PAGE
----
"The material for our carbon fiber-reinforced plastics is produced in our plant in Moses Lake, Washington, where the energy that's being used is 100 percent hydro-electric power," said BMW Spokesman Jose Guerrero. "And also the assembly of the car in Leipzig, Germany, that's also being powered by four on-site wind turbines."
BMW's new plug-in electric i3 has been called the greenest car in the world. Green manufacturing and the fact that when the car is eventually taken out of service, it can be recycled.
"Right now we're 95 percent recyclable, so the car itself is very sustainable, and very renewable," said Guerrero.
Particularly the batteries that power the electric motor, sometimes thought of as being an environmental hazard. They can be re-purposed when they're no longer sufficient for vehicle use.
"We look at second-life applications, whether it's solar or wind, we really use those batteries for the next generation of use," said Guerrero. "So when it's done powering your car, it can still power your home, or still be used for wind turbines and so forth."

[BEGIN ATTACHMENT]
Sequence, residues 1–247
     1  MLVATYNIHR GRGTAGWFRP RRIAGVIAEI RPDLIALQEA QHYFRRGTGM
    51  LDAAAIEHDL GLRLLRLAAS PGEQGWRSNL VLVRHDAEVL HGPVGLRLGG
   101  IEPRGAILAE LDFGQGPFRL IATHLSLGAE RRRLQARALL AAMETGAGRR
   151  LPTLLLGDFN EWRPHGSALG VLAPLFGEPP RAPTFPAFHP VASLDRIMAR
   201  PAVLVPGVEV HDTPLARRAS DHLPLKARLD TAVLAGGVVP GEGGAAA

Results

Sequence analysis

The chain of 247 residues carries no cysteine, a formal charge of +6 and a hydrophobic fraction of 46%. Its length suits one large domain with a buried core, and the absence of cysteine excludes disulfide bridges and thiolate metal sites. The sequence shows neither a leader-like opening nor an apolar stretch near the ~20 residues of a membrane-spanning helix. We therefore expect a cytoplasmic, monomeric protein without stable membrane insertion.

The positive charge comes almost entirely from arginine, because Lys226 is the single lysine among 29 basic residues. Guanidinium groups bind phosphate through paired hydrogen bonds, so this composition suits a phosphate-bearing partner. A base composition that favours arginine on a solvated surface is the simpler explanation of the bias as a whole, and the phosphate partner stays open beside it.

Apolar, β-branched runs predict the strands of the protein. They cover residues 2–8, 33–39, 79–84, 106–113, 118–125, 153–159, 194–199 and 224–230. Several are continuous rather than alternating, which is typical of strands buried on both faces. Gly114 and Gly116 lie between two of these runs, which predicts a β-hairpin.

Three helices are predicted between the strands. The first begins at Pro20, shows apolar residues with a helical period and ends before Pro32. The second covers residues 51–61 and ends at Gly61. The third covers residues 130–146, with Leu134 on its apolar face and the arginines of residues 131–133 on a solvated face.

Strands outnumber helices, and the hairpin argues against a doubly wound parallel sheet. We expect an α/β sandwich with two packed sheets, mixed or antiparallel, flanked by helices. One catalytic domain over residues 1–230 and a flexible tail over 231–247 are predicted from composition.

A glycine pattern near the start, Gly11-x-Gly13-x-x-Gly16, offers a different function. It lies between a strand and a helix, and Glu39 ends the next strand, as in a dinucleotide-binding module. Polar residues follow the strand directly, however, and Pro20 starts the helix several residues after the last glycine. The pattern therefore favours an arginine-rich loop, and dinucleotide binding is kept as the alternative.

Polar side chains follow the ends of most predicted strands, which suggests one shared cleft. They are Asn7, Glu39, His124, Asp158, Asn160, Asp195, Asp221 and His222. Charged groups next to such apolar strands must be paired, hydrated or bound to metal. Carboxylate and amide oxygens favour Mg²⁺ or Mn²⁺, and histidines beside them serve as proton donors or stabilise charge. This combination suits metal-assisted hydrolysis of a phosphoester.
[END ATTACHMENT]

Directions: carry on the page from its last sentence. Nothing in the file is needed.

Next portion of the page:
Obviously, recycling parts of a car at the end of its life is a good environmental move, but another new trend is at the beginning of the car's life, using components that are made from recycled materials.
You might not have known this, but a lot of typical car interior pieces, including seat fabric, are made from petroleum products. Well, Ford's teamed up with Coca-Cola to be able to weave seat fabric from recycled, plant-based plastic beverage bottles.
And the wood in the BMW? It's eco-friendly in the way it's finished.
"There's very minimal processing that's done to the wood," said Guerrero.
The same thing goes for the leather.
"We use olive leaves to actually tan the leather, instead of using formaldehyde or other harmful chemicals," said Guerrero.
So as all cars get greener in how they treat the air around them, some are going to the next level. Keeping tabs on everything about them, from start to finish, that could make an impact on the environment.